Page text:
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Killing child process

by hotshot (Prior)
on Oct 12, 2003 at 08:58 UTC ( #298613=perlquestion: print w/replies, xml ) Need Help??
hotshot has asked for the wisdom of the Perl Monks concerning the following question:

Hello all!

I'm using kill('KILL', $pid) to kill a process. This process creates children, and I want somehow to kill them too, how can I do that? Is there in Perl something similar to pstree -plc $PID (like in Unix), that can help me get the children's pid, or even something that gets a pid as parameter and kills it with it's children?

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Re: Killing child process
by robartes (Priest) on Oct 12, 2003 at 10:51 UTC
    Normally, unless the child processes detach from the parent's process group, signals will propagate to the children, so when you kill the parent, the children should go down as well. However, if you want to do this explicitely, you can use Proc::ProcessTable. Something like this (untested):
    use strict; use warnings; use Proc::ProcessTable; my $signal=15; my $parent=shift; # Parent PID from args my $proc_table=Proc::ProcessTable->new(); foreach my $proc (@{$proc_table->table()}) { kill($signal, $proc->pid) if ($proc->ppid == $parent); }
    Making this code recursive to kill the children's children is left as an exercise for the reader :) (read: it's Sunday morning and I can't be bothered to do so myself ;) ).


Re: Killing child process
by Thelonius (Priest) on Oct 12, 2003 at 12:02 UTC
    To quote the perlfunc manpage for kill,
    Unlike in the shell, if SIGNAL is negative, it kills process groups instead of processes. (On System V, a negative PROCESS number will also kill process groups, but that's not portable.) That means you usually want to use positive not negative signals.
    So all you have to do is call kill with the negative value for the signal you want. E.g. kill -9, $pid;. If you want to use the name of a signal, I think you'll have to do something like:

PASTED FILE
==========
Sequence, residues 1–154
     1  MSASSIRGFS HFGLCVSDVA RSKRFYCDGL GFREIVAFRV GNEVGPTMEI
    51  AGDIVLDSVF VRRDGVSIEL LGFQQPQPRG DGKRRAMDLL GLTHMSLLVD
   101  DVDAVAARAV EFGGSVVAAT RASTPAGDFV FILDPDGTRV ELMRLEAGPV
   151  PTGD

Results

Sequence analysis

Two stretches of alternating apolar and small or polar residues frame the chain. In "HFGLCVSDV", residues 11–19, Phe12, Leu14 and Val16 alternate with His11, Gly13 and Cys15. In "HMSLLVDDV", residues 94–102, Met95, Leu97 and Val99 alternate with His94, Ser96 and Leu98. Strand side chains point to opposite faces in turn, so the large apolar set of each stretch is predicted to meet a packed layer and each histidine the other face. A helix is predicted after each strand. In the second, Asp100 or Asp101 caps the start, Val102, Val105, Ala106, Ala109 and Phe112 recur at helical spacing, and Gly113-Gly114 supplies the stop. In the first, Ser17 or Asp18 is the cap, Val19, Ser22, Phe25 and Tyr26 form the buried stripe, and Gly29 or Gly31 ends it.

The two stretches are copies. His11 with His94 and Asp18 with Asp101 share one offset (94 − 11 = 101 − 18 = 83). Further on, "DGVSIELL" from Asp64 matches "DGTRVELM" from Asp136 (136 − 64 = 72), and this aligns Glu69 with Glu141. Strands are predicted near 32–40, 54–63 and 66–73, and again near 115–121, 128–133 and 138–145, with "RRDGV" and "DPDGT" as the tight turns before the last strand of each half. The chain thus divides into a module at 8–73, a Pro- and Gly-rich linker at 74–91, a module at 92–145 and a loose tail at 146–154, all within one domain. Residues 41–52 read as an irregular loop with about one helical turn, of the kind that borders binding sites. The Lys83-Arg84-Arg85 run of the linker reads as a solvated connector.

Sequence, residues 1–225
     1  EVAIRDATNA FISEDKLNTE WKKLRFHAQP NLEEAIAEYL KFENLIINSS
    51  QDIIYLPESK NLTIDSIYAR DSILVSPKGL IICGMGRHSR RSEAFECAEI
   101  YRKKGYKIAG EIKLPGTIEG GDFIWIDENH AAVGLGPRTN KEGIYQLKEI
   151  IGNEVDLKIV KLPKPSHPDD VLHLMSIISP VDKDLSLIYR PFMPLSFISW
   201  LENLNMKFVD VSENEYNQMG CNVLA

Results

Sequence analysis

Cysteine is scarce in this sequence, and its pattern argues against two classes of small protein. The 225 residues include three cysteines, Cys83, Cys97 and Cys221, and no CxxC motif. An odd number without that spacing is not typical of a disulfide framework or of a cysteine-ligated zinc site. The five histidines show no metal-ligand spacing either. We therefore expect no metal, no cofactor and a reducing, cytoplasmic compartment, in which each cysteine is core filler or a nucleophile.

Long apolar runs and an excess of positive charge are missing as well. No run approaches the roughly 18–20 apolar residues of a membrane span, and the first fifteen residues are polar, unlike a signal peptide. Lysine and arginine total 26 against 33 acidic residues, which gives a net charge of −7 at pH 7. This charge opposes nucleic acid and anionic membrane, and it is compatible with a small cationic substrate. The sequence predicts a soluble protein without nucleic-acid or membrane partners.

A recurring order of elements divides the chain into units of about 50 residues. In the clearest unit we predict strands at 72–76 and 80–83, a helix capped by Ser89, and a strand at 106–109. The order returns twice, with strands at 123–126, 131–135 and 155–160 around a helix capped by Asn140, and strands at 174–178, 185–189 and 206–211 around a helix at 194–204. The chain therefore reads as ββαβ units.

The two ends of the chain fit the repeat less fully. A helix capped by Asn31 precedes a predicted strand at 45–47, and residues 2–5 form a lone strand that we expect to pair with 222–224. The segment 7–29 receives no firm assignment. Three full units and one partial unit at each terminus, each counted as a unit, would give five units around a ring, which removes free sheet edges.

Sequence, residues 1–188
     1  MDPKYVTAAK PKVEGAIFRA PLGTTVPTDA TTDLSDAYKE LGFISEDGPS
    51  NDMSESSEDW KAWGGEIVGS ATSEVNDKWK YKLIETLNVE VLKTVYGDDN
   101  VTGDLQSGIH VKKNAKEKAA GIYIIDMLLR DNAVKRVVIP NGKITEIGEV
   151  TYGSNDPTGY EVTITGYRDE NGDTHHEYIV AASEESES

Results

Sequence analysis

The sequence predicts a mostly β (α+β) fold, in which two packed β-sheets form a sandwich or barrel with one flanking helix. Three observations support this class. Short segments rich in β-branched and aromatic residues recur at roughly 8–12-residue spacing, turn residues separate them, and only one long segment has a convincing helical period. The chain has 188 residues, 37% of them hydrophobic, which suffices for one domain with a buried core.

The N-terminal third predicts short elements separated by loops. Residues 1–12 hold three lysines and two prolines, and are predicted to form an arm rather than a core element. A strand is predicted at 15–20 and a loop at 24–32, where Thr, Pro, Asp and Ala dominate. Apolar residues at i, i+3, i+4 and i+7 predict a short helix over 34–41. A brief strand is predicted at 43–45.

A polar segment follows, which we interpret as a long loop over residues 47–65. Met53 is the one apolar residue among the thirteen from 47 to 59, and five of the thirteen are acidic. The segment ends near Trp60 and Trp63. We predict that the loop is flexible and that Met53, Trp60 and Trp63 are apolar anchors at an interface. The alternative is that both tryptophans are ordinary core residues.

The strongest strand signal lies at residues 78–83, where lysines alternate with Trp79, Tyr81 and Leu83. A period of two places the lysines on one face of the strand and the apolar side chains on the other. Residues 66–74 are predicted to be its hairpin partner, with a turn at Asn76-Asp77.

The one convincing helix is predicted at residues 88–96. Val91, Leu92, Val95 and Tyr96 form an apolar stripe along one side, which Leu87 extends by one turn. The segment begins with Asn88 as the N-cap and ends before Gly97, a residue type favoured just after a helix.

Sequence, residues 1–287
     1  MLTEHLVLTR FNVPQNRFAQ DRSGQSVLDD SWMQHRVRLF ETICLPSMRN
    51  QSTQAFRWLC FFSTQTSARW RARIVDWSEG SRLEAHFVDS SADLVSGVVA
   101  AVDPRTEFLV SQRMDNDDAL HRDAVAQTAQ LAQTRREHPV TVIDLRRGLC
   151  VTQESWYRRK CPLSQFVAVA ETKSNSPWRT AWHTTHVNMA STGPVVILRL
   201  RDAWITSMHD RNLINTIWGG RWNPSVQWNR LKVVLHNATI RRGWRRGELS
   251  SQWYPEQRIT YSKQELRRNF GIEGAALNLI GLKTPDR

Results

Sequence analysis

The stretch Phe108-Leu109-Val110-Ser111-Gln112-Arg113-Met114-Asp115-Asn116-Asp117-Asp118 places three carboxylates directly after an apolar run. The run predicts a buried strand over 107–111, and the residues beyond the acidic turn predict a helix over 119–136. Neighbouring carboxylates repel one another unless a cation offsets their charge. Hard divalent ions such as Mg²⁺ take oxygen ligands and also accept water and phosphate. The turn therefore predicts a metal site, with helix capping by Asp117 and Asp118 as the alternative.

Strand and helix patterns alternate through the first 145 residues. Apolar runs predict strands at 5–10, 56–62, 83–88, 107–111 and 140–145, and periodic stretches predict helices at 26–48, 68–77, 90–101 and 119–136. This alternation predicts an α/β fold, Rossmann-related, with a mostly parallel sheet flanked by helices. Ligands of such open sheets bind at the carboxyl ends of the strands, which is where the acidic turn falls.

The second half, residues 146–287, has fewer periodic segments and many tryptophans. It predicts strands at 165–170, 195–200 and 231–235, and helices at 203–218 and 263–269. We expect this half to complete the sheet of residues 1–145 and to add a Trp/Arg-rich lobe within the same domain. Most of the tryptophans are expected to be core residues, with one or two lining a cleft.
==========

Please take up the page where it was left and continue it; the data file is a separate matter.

use POSIX; kill - SIGKILL, $pid;
    (If you leave out the space after the minus sign, you'll get a warning message like "Ambiguous use of -SIGKILL resolved as -&SIGKILL()". Of course you could type  kill -&SIGKILL(), $pid, but it seems easier to just leave a space).
      I couldn't get that to work:
      #!/usr/bin/perl -w use strict; $SIG{TERM}= sub { print "TERM $$\n"; exit(1); }; if (my $kidpid = fork) { # Parent sleep(1); print "\n"; kill -15, $kidpid; sleep(5); } else { print "CREATED CHILD $$\n"; # Child for my $i (1..10) { if (!fork) { # Grandchild print "CREATED GRANDCHILD $$\n"; sleep(5); exit(0); } } sleep(300); }
      Is there a bug in this code, or are things not working as documented?
        Oops, yeah, I forgot you need to set the process group for the process you want to be a group leader. To do this call setpgrp(0,0); after the fork. In your test program, do it right where you have print "CREATED CHILD $$\n"; and don't do it in the grandchildren.
        Two points about OS:
        • To send a signal to a process group, you have to be a super user;
        • Most of OS's, if not all, does not let you capture SIGTERM for ordinary users. That's for a good reason, if some processes (intentionally or by mistake - bugs) decide to be alive forever, that will really be a nightmare.
    Re: Killing child process
    by zentara (Archbishop) on Oct 12, 2003 at 17:15 UTC
      You can use Proc::Killfam:
      #!/usr/bin/perl #Proc::Killfam is part of Proc::ProceessTable module use Proc::Killfam; killfam $signal, @pids; killfam 'TERM', ($pid1, $pid2, @more_pids);
      Or here is a snippet of a subroutine posted by robau awhile back:
      #!/usr/bin/perl use warnings; use strict; #robau #This subroutine takes two arguments, the parent process ID #and the numeric signal to pass to the processes #(which would be 9 if you wanted to issue a -TERM). #Using Proc::Process you could find the process ID #of the process login -- zentara with something similar #to the following : #my $proc = Proc::ProcessTable->new; #my @ps = map { $_->pid if ($_->cmndline =~ /login -- zentara/) } @{$p +roc->table}; #&killchd($_, 9) foreach @ps; &killchd(9895, 9); #kill -9 process 9895 sub killchd ($;$) { use Proc::ProcessTable; my $sig = ($_[1] =~ /^\-?\d+$/) ? $_[1] : 0; my $proc = Proc::ProcessTable->new; my %fields = map { $_ => 1 } $proc->fields; return undef unless exists $fields{'ppid'}; foreach (@{$proc->table}) { kill $sig, $_->pid if ($_->ppid == $_[0]); }; kill $sig, $_[0]; };

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